Reviewed by Russ Kesler
It seems most probable that the “tongue” in the title of Louie Skipper’s new collection is meant to connote language, or a way of speaking—the “tongue” of poetry. In fact, in the book’s title poem, the speaker acknowledges that he’s “planned the jailbreak of these words from within, / my scratching of ink.” Yet I couldn’t help but think, as well, of the concept of speaking in tongues—praise and consolation—as I read these lyrical and well-made poems. That religious connotation of “tongue” also seems appropriate, given that Skipper is an ordained Episcopal priest.
Indeed, many of these poems probe questions of faith and a higher order, as evinced in such titles as “Words Inhabited by Heaven, Composed by Earth” and “Praying in the Morning.” But it would be more accurate to say that the prevailing tone here is as much mystical as devout—I kept hearing echoes of Roethke as I made my way through the book. In “When I Am No Longer Able to Sleep” we have “Let me always love what pulls away, what draws me near, / wind in the apple tree restless as a soul / that has fought her way back, breaking / free of heaven.” And in “Some Time in November”:
No chickadees touched that breeze
the pines carried on.
A little fog, the plum dawn,
the brown grass:
the blessedness of a simple man, I thought.
Such poems project a profound reverence for the natural world, while implicitly acknowledging a higher power, “God who kept daydreaming of returning / to who we are and learning us completely, / trying to forget / what part of him still belonged to the moving, frozen sky” (“Asking the Rose”).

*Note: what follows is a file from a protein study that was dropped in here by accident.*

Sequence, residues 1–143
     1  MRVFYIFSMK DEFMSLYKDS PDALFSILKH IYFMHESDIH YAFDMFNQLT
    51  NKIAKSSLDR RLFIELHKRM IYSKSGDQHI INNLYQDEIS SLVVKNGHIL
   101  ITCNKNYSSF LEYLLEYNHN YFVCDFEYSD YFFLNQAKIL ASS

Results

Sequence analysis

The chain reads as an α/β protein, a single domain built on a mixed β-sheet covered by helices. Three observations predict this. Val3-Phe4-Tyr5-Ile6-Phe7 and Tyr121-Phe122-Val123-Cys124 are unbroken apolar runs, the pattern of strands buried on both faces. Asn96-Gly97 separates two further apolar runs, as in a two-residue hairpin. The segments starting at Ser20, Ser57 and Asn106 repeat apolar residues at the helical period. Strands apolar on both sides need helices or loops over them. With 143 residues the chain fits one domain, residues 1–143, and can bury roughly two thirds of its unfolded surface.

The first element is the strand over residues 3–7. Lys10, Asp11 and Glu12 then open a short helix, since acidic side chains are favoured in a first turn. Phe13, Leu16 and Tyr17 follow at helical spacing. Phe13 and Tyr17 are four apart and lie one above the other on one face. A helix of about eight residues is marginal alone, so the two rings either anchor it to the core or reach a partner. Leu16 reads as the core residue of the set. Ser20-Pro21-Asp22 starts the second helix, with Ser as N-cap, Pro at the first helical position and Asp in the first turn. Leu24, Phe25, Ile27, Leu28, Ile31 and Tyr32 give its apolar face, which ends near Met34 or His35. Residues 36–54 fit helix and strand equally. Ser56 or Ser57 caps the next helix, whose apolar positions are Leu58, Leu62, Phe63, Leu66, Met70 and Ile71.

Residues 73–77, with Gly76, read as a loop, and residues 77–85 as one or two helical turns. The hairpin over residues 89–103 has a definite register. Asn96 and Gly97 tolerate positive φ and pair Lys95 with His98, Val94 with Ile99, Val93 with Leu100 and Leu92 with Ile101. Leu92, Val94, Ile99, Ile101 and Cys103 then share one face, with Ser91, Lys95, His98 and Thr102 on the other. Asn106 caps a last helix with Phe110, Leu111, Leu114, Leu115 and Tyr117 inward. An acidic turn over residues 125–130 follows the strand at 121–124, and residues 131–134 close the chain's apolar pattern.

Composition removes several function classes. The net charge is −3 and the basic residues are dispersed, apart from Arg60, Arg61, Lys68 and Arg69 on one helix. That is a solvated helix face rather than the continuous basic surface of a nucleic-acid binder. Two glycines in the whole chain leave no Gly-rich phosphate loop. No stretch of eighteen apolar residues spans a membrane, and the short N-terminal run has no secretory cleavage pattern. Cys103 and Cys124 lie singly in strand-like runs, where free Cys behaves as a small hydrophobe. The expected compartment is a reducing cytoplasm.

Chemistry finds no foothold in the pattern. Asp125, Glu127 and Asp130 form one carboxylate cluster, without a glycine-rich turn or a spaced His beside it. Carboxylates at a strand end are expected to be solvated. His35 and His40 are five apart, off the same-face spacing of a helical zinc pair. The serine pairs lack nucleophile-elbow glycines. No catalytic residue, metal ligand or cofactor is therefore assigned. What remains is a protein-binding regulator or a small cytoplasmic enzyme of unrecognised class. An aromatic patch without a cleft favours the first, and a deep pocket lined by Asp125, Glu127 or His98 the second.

There’s also a rich narrative vein here. “The Night of Stars and Dragons” recounts a night when the speaker and his father, who was apparently a deputy sheriff, come upon “a dozen or so men // draped in white sheets” burning a cross in an African-American churchyard. When the father hits the car siren, the Ku-Kluxers scatter,
and your father pulls away without a word,
leaving you to lean again into the layers above
where black sinews of emptiness
latch to the white bones of constellations, shapes
that surrender us like the colored cemetery,
or the last attempt of the departed to communicate their
That echoing of racial tension in the “black sinews” and “white bones” is typical of Skipper’s methods in the book, a need to draw together disparate threads and make new uses of them as the poems progress, an inclusiveness that rarely oversteps or feels heavy-handed.
And over everything here hovers the shadow of mortality: the death of a “you,” apparently the speaker’s wife, “The Death of a Friendly Cop in My Childhood,” “a boy / who kept drowning his mother in dreams,” “the faces of the dead // laid out on silk pillows.” Yet such ruminations, rather than seeming morbid, are tempered by acceptance, more than resignation. Here’s how “Eulogy on Behalf of Myself” ends:
So throw a few words over me
then go away.
Nothing means much beyond the turn blood takes
down its darkened hall.
When the word came, did you too not say,
Could you ever hope to meet a sweeter guy?
Chipper, that, even jaunty, in the face of finality. To Speak This Tongue is unflinching that way.
Russ Kesler's second collection of poetry, As If, is just out from Wind Publications.